Bread – Politics

August 19, 2011


Readings for Friday, August 19, designated by the Book of Common Prayer: 2 Sam. 19:24-43; Acts 24:24-25:12; Mark 12:35-44; Psalms 140, 141, 142, 143

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The Bible reflects unvarnished reality, and in our reading today from Acts there is the unvarnished reality of politics.

In Acts, we find Paul imprisoned in Caesarea. There, he is under the control of Felix, the governor. Felix, although a Gentile and probably a pagan, was married to a Jewess. It is stated that Felix was “well acquainted with the Way [Jesus Christ].” Acts 24:22 (Parenthetically, isn’t it interesting how we can be well acquainted with something which does not penetrate our brain, our heart, or our soul.) Felix had Paul speak to him on many things, including “righteousness, self-control and the judgment to come.” Acts 24:25. This made Felix afraid, but he did not believe.

Now the Jews had levied charges against Paul of stirring up riots, blasphemy, etc. In verse 24:22, Felix says “I will try your case.” However, politics gets in the way and that never happens. Paul is left in prison for two years (with intermittent religious discussions with Felix) “because Felix wanted to grant a favor to the Jews.” Acts 24:27 Here was a man of God, an innocent man, a man whom Felix, the governor of Caesarea, liked, who remained in prison because some powerful Jews wanted him to be in prison because Felix wanted to curry their favor.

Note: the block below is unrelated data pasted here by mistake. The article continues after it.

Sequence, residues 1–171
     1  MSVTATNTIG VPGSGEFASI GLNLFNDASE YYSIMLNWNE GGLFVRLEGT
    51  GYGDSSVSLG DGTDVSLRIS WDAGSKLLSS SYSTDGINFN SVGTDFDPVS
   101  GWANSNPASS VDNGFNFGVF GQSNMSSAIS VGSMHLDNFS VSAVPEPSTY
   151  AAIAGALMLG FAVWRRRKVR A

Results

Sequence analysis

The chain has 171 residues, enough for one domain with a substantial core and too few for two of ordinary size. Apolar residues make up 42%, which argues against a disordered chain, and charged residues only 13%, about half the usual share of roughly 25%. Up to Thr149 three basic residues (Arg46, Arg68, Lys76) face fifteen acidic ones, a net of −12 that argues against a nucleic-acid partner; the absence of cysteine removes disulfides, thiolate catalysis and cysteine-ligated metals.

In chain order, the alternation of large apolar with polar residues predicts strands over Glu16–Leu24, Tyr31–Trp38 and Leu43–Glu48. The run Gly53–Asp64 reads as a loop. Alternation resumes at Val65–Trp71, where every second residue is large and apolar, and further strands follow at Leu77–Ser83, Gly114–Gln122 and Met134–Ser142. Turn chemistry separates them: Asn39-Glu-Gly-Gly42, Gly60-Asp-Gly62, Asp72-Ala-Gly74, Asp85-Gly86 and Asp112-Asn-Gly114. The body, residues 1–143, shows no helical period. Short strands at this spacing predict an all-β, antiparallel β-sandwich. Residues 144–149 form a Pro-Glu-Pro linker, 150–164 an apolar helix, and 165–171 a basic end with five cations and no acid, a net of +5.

After Paul was in prison two years, Felix was succeeded by Festus. Festus is an interesting person because he resists the Jews’ attempts to have Paul transferred to Jerusalem, promptly convenes Paul’s court hearing as soon as he gets to Caesarea, and then, after listening to the charges and Paul’s defense, himself succumbs to politics. Festus, “wishing to do the Jews a favor,” then tried to get Paul to agree to go to Jerusalem for trial. Acts 25:9. Sensing the trap, Paul (himself a Roman citizen) insists upon being tried in a Roman court and then, realizing that Festus might well agree to hand Paul over to the Jews, “appeals to Caesar.” Acts 25:11.

In a full demonstration of the effect of politics upon honest decision-making, instead of making the decision that the Jews had not proven their case and that Paul was innocent, Festus punts the ball down the field into Caesar’s court, saying to Paul “You have appealed to Caesar. To Caesar you will go.” Acts 25:12

Politics perverts justice, it perverts people’s lives (Paul was held in prison for over two years), and it perverts the decision-making process. The Jews had power and they exercised it, the Romans were concerned about it enough to let it affect their legal process, and the net effect was harm to an innocent person.

However, politics has no effect upon God and His purpose. In this vignette of history we see the ugliness of man’s manipulation on the surface and the wonder of God’s working in history below the surface. Just two chapters in Acts before, God said this to Paul – “Take courage! As you have testified about me in Jerusalem, so you must also testify in Rome.” Acts 23:11. Where is Caesar’s court? Rome.

God’s will be done.  Amen.

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